In 1996, Zhang again changed tack by opening two more stores, one more in Nanjing and the other in nearby city of Yangzhou.

At the turn of the century, Zhang decided to expand further and began setting up stores in other cities and provinces - and became the first home appliance retailer to start the chain store concept.

Not everyone then thought Zhang's vision was viable. In fact, many associates and friends tried to persuade him to close his Nanjing store and rent out the multi-storey Suning Building, located in a top commercial area of the city, for at least 30 million yuan a year. But he refused.

"Even if we suffer a loss of 40 million yuan a year, Suning will follow the chain-store mode," Zhang says.

Time has proved him right. Suning's national chain store system is expanding quickly: On average, Suning opened one store every 40 days in 2001, increasing to one every 20 days in 2002, every 7 days in 2003, now almost every day.

Zhang says that in 2000, chain store management was a new concept. "Now, chain store management nationwide and all competitors are following this concept," he says.

Zhang is a workaholic, putting in at least 16 hours a day and attending about 200 meetings a year.

He also likes visiting his stores throughout the country to get first-hand reports, as well as to keep in touch with what's going on.

"I will answer my phone if my employees call me to discuss our business, even late at night," Zhang says.

"They know my habit and are not afraid to disturb me."

And despite the large number of professional managers in Suning, Zhang still likes to do a lot himself.

For example, during his visits, he would check out if staff were conforming to the company's regulations in such details as dress code and sales approach.

Zhang is now looking to tap the overseas market.

In August 2009, Suning took its first global step by becoming a shareholder of Laox, a Japanese retailer founded in 1930, which has 10 stores selling appliances, telecommunications products, computers, animated games, toys and musical instruments. Suning also operates 23 stores in Hong Kong.

Suning now is looking at expanding to Southeast Asia as well as in Europe and the United States, either by opening outlets or conducting mergers and acquisitions, he says.

Zhang is also looking at other sales platforms and early last year, launched Suning on the Internet, with a target of taking out more than 20 percent of the online market for home appliances within three years.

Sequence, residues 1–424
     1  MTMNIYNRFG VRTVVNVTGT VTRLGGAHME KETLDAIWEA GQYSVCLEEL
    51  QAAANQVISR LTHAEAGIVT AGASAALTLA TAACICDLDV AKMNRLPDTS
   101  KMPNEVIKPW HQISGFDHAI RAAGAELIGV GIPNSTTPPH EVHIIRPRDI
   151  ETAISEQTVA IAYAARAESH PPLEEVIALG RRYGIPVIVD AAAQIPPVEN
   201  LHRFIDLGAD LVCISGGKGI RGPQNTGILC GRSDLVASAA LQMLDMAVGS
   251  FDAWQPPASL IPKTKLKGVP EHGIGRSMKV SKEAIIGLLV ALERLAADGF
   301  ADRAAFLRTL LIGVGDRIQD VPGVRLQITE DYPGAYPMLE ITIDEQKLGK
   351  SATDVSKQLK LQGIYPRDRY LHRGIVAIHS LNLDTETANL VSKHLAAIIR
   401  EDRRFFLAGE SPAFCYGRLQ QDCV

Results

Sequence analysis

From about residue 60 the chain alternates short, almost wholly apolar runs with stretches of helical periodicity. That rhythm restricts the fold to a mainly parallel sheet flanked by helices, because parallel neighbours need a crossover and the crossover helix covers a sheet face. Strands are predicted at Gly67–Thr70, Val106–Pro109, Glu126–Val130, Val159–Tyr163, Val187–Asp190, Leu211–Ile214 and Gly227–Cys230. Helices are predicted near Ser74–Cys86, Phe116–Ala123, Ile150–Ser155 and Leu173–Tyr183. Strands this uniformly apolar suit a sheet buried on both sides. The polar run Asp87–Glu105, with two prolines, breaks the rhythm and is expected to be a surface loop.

Suning's online business platform turned a profit of 2 billion yuan in 2010, something which Zhang hopes will increase to 8 billion yuan in 2011.

Zhang says although Suning is regarded as a large company, it is still young and is confronted by many challenges.

One problem is the lack of staff with a global vision, something which Zhang says hinders the company's overseas growth.

While Zhang appears to be adventurous in business, he prefers a low profile approach - even in business.

Zhang says his managers should maintain a low profile since the company is quite influential now.

For instance, when a rival company's CEO was jailed for stock exchange manipulation, Zhang did not say anything negative about the person. Moreover, Suning employees are also banned from publicly talking about the rival CEO.

But Zhang says he and his staff should always be prudent. "Even some trivial problems can make Suning fail in this competitive market."

Although Zhang is worth billions, he is very amiable and believes effective communications between leaders and employees are very important.

And he advises anyone wanting to set up a business to cultivate the team spirit. "Success cannot come just by relying on one's efforts," he says.

"As well, one needs to be both adventurous and prudent."

Zhang is obviously not afraid of competition. "In the home appliance market, competition will always exist," he says.

"Competition not only comes from domestic retailers, but also from foreign companies, department stores or the supermarket.

"We just want to focus on our business and execute our plans, and it is our competitors who should worry and catch up with us."